This has more impact than you imagine. Do you remember, Scot, when we were in Moscow when President Hinckley had come to address the Latter-day Saints. They came from all over Russia to hear him speak. Saints from Siberia. Saints who had cobbled together enough change for a train ticket that would take them days.


As we interviewed them, we said, “You have lived in a country, the Soviet Union, where for decades religion has been suppressed and churches locked and bolted. No one has spoken of God or talked of God. Scriptures have been banned. How did you possibly have any idea about God? To a person, they answered the same thing. “My grandmother told me.” “I learned this at my grandmother’s knee.”

Somehow the faith of grandmothers had kept the idea of faith in God glowing in their grandchildren who were living in a cold, atheistic world. We heard this again and again in our interviews.


Who was Enos’s prime gospel teacher? His father. Who are our children’s prime gospel teachers? We are. However good their Sunday School or primary or Young Women or Men teachers are, we are their prime gospel teachers. Can we learn to live up to that call?

Elder Tad Callister told how his parents taught him

“I remember my father stretched out by the fireplace, reading the scriptures and other good books, and I would stretch out by his side. I remember the cards he would keep in his shirt pocket with quotes of the scriptures and Shakespeare and new words that he would memorize and learn. I remember the gospel questions and discussions at the dinner table. I remember the many times my father took me to visit the elderly—how we would stop by to pick up ice cream for one or a chicken dinner for another or his final handshake with some money enclosed. I remember the good feeling and the desire to be like him.”


Elder Callister continues, “I remember my mother, age 90 or so, cooking in her condominium kitchen and then exiting with a tray of food. I asked her where she was going. She replied, ‘Oh, I am taking some food to the elderly.’ I thought to myself, ‘Mother, you are the elderly.’ I can never express enough gratitude for my parents, who were my prime gospel teachers.” (Elder Tad R.  Callister, “Parents: The Prime Gospel Teachers of Their Children. )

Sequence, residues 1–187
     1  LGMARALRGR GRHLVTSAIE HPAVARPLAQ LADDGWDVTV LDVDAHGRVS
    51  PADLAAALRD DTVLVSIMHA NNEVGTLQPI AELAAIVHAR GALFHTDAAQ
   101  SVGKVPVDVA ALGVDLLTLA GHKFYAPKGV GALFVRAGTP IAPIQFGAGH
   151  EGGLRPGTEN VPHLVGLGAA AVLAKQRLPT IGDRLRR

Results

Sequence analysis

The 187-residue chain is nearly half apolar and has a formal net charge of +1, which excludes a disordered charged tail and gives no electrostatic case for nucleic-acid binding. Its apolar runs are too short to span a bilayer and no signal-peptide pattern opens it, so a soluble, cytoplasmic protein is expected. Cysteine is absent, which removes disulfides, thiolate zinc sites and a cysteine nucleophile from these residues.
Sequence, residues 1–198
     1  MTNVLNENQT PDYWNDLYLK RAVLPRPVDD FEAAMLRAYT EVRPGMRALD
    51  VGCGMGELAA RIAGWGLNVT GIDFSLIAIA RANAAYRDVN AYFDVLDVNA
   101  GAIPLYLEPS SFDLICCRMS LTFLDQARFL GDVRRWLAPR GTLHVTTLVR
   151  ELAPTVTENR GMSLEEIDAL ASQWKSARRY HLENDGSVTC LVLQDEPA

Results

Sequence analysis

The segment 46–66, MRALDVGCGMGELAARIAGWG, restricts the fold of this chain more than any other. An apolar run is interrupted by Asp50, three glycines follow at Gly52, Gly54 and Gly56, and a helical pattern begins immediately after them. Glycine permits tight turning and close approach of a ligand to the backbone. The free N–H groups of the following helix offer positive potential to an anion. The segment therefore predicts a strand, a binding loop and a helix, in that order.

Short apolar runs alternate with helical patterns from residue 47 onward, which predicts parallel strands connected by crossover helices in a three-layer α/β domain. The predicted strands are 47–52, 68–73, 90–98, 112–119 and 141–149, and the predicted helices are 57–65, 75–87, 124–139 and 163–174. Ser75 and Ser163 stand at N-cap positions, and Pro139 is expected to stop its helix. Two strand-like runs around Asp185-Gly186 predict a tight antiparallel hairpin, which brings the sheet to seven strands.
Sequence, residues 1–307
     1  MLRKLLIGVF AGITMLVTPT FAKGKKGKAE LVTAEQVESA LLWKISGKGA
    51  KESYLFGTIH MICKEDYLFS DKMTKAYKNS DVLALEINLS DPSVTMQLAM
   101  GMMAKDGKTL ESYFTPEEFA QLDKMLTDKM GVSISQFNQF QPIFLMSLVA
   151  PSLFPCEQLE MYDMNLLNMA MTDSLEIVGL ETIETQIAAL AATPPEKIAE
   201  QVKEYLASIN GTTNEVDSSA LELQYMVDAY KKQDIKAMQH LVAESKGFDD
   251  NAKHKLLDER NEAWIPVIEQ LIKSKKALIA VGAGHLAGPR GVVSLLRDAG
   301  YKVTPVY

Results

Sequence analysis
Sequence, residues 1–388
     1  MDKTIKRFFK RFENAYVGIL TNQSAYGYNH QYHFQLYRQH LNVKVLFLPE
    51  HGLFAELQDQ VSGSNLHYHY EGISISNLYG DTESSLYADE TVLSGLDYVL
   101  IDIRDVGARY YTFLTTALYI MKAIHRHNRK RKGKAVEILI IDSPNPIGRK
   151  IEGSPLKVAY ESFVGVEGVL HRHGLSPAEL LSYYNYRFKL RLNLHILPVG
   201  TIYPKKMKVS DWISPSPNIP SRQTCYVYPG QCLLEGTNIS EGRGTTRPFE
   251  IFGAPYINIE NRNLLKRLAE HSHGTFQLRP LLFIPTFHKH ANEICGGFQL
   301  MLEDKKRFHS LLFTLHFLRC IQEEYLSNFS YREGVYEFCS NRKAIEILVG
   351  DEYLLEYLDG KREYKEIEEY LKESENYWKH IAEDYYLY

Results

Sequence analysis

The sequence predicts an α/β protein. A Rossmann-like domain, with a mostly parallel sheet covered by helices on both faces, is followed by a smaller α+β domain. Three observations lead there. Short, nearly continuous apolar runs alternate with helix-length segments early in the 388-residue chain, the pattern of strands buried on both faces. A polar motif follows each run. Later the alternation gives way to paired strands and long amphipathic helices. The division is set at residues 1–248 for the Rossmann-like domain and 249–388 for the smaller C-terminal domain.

We have so many ways to be the prime gospel teachers to our children. We know one man who shares some spiritual or significant thing that happened to him that week each Sunday via email with his grown children. Family history is a powerful way to connect not our family to each other, but also to the gospel. In these difficult times, when we feel such a need to protect our children, we can, like Moroni, build defenses around our homes as we tell them our own family history stories.


Here’s a short family history from our family about my third great grandfather James McClellan.

On June 27, 1844, the Prophet Joseph Smith was assassinated in the Carthage jail. James McClellan and his sixteen-year-old son William Carroll McClellan were working in the field in Nauvoo, hoeing corn in the late afternoon that day. William later testified: “It was quite warm and we were about to quit for the day when Father straightened up and looked around and then looked at me. The solemn stillness of the surrounding area was almost frightening. The leaves on the corn suddenly drooped, as if they had been in a blast of extreme heat. The leaves on the trees wilted and hung as if in deepest sorrow. Father looked at me and said, ‘Will, something has happened to the Prophet.’ As soon as the men from the surrounding country could be notified from Carthage, we were told that at that identical time of which I spoke, the Prophet had been killed. That was proof enough to me. If the leaves of the trees and on the corn could be near enough to the Prophet to mourn the passing of his spirit, I could not ask for anything more faith promoting or convincing.”

Don’t you know that I hear that story and think, this believing blood is in me. It is who I am. It is part of my genes.


Enos’s father Jacob had planted the gospel deep into his soul, so when he went hunting that day in the woods, something deeper than bodily hunger moved him. “And my soul hungered,” he says (Enos 1:4) A hungry soul yearns to be fed. He wanted eternal life and the joy of the saints that his father had spoken of.

When you want knowledge of the Lord and the presence of the Lord in your life like a hungry man wants food, something remarkable can happen. You give what it takes to break the barriers of earth.

Enos uses powerful words to describe his prayer. “And I will tell you of the wrestle which I had before God, before I received a remission of my sins” (Enos 1:2).


That’s such a powerful word to “wrestle.” It implies this wholehearted, whole-souled, all-in effort. He said, “I kneeled down before my Maker, and I cried unto him in mighty prayer and supplication for mine own soul; and all the day long did I cry unto him; yea, and when the night came I did still raise my voice high that it reached the heavens” (Enos 1:4).